Viewers get access to university's Milton Reading Room.
John Milton published his epic poem “Paradise Lost” more than 350 years ago, in an effort to retell the biblical story of Adam and Eve. The long work imitates classical models of epic poetry.
Along with its arguments regarding free will, tyranny, and slavery, “Paradise Lost” informed modern conceptions of civil liberty, republican government, and free speech, says Dartmouth professor Thomas Luxon. In the United States, men like Benjamin Franklin, Thomas Jefferson, and John Adams credit Milton’s poem as having shaped their ideas of religious and civil liberty in a democratic republic.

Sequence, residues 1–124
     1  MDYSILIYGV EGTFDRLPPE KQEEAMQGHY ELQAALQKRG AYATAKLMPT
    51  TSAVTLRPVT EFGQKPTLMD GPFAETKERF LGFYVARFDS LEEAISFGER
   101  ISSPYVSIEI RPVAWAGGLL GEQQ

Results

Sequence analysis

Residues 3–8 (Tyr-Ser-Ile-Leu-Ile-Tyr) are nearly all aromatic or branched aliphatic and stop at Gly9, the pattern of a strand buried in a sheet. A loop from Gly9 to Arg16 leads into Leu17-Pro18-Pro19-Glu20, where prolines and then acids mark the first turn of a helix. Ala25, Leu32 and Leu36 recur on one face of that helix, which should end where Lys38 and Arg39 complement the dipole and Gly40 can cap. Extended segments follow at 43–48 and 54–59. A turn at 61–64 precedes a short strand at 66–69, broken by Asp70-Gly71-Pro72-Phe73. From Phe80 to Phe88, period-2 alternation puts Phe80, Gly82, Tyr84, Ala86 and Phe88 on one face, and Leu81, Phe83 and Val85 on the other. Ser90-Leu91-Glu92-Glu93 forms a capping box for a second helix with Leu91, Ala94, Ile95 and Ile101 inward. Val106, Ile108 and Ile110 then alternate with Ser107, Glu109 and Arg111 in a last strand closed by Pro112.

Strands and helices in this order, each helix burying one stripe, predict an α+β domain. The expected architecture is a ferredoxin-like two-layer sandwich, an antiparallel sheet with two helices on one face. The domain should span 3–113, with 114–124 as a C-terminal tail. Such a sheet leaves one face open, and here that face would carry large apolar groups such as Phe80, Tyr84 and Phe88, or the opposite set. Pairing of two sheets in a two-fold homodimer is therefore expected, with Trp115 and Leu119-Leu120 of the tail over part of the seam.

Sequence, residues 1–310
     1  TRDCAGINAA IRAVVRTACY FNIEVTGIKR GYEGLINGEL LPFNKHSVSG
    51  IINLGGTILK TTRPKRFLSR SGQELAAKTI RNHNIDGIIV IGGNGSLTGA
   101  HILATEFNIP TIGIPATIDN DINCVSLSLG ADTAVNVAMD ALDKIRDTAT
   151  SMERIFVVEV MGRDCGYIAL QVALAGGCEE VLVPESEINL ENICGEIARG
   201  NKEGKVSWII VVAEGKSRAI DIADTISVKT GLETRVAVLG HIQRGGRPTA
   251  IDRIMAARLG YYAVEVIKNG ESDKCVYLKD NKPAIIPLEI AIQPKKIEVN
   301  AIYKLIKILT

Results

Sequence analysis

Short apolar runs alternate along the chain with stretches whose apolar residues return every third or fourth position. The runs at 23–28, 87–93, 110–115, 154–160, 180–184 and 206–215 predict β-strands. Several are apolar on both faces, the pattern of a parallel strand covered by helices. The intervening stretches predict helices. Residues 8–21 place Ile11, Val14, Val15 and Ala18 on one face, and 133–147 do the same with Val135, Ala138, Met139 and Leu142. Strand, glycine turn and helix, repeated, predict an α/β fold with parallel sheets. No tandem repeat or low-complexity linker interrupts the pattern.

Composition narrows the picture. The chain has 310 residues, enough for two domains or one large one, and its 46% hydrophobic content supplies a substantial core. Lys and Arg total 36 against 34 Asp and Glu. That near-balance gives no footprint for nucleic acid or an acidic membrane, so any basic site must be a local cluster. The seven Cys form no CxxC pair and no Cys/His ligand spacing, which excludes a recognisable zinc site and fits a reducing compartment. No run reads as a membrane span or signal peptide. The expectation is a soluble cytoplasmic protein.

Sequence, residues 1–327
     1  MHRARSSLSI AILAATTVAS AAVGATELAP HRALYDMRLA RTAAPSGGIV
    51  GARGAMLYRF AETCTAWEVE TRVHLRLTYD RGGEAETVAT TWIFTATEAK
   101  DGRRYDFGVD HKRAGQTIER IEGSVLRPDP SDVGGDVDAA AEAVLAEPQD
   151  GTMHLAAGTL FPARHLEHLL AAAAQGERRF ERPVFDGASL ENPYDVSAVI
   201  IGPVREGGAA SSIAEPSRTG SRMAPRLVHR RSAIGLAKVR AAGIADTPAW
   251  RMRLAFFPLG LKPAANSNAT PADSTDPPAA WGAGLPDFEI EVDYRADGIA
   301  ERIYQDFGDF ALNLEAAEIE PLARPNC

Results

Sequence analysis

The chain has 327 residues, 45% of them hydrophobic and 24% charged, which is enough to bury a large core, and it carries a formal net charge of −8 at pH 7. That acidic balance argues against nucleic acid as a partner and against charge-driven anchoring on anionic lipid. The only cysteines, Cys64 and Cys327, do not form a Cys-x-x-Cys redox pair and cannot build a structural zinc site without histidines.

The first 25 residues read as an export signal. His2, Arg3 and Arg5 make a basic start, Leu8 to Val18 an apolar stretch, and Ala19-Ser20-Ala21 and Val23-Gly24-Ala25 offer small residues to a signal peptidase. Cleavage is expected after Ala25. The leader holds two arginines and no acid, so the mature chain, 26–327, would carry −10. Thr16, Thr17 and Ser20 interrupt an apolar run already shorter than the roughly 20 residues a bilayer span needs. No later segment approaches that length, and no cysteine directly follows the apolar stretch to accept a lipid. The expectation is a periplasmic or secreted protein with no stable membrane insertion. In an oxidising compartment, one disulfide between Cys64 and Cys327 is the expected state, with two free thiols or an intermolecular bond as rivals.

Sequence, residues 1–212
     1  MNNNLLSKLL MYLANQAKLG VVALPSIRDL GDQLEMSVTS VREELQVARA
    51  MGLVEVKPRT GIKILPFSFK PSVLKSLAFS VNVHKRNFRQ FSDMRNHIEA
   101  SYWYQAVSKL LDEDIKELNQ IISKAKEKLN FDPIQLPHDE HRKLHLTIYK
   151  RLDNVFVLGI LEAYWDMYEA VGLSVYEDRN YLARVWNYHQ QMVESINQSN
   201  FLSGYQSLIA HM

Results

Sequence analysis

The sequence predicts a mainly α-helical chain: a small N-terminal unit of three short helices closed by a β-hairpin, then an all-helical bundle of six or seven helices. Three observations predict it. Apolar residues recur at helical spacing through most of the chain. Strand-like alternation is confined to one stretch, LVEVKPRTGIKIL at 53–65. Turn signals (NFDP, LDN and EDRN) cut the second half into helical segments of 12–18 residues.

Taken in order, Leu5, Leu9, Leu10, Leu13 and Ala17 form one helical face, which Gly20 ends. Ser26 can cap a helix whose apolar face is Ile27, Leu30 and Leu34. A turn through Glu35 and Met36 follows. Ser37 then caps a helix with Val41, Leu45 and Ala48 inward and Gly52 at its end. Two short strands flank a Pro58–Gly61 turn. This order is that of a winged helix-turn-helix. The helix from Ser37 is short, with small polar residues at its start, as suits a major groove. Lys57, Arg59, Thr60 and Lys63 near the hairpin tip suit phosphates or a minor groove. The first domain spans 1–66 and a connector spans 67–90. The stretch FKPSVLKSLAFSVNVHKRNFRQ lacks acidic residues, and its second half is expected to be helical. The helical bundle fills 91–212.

In a free online course, viewers have access to Dartmouth’s Milton Reading Room, an online scholarly edition of all of Milton’s poetry in English, Latin, and Italian, and selected prose works in English.
The annotations and glosses to “Paradise Lost” in the Reading Room provide links to the classical, biblical, religious, and historical works to which the poem so frequently refers.
Check out the course here.